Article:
Pirelli, long a creator of tyres and cables, has risen to fame not for its products but for the calendar that advertises them. Once home to the same skilfully provocative photography that made Playboy famous, the calendar has changed its tune in the last decade. Nowadays, it highlights environmental issues and women’s rights as a reputable piece of artistry, as opposed to a mere catalogue.
This transformation irritates some long-time readers[H1] . Many are quick to blame the #MeToo movement on what they believe to be a shift in the calendar’s tone and demographic reach. While this is not the case, it highlights one distinct transformation in the calendar. Where once it focused on the male gaze – emphasis on the female body as an object – it now gives its female models agency and diversity.
Let’s dive in, then, to the publications that brought this shift about, all while exploring how the 2020 calendar defies expectations in the juiciest of ways.
Photo Robin Wright, known for, among others, the role of Claire Underwood in TV series "House of Cards," on the calendar for 2017 years (Pic. Pirelli / Peter Lindbergh).
What is the Pirelli Calendar?
The Pirelli Calendars are a product originally created by Giovanni Pirelli. They were originally created as marketing material designed to sell his company’s tyres and cables. While the company debuted in 1872, the calendars themselves would not be published until 1962. Styled as a pin-up calendar, the original publications highlighted women in skimpy outfits – or skimpy for the time – emphasising the value of Pirelli tyres.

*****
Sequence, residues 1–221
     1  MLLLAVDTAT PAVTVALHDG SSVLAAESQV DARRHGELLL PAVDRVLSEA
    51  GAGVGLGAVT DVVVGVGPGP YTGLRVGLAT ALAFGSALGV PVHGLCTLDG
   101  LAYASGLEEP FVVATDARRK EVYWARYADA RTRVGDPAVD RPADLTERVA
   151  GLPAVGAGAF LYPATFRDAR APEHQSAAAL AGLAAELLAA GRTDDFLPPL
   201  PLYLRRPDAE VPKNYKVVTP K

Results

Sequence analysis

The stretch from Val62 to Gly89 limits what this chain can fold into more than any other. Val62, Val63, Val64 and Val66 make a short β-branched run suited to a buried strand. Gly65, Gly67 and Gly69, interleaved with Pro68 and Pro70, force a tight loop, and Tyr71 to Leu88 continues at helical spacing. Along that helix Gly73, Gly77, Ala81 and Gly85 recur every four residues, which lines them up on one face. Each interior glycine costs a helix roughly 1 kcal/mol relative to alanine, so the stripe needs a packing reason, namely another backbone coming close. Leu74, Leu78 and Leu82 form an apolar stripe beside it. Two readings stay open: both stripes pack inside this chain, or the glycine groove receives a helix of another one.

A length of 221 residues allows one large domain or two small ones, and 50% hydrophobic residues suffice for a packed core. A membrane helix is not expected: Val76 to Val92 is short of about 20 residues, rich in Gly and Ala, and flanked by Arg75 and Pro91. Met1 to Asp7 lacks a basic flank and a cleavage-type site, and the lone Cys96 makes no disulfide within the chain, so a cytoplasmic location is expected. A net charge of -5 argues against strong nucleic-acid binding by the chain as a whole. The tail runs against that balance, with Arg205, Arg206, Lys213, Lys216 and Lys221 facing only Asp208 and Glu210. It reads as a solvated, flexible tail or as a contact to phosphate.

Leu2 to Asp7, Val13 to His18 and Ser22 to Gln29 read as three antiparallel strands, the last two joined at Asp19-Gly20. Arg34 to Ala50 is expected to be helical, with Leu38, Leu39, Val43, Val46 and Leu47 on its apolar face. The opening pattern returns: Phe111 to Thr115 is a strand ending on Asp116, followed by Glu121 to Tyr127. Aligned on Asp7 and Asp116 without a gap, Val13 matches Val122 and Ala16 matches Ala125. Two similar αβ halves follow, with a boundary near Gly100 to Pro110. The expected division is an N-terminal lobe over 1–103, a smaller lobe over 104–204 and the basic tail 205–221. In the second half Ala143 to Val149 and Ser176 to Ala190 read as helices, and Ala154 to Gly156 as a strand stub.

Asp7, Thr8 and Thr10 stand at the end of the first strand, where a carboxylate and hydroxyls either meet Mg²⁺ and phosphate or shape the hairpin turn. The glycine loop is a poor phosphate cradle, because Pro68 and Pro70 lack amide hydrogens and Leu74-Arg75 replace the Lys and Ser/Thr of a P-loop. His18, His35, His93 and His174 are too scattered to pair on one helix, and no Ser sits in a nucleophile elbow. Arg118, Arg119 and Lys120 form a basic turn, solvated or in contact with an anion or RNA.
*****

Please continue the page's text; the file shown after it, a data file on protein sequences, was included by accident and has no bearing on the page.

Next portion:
While the calendar was briefly discontinued in 1974, due to oil shortages, it would be revived in 1984. However, the calendar’s focus drifted from the tyres themselves and onto the models. Subtly became the name of the game, until the tyres were abandoned entirely and the calendar built up as its own Pirelli product.
Nowadays, the company and calendar have both grown. Pirelli employs thousands of people and rakes in trillions of dollars on a year basis thanks to its affiliations with the World Rally Championship and the World Superbike. The calendar, nowadays, represents more than just a product catalogue or women in the automotive industry. It is a piece of art pursued by thousands, due to its limited run.
The work on the calendar is always entrusted to the best photographers. The photo: Peter Lindbergh (pic. Pirelli).
The calendar’s transformation
While the calendar’s change may seem sudden and upsetting to some of its readers, its shift has been happening for a full decade now. Now known as “The Cal,” the photographers and models who find a home in this calendar have the opportunity not only to further their names but to speak on issues that are near and dear to their hearts.
Calendar concepts have evolved over the years. Here the edition released on its 50th anniversary (Pic. Pirelli / Peter Lindbergh).
The calendars released within the last decade, for example, have highlighted a second shift in the artistic meaning of the publication:
2009 saw The Cal release one of its first environmentally-oriented publications. Thanks to a partnership with Life Fate, the calendar was published on lead-free paper and its profits were used to protect forested areas in Costa Rica. The calendar itself featured a number of models alongside endangered species, highlighting the need to protect the environment while also enjoying the fruits of the automotive industry.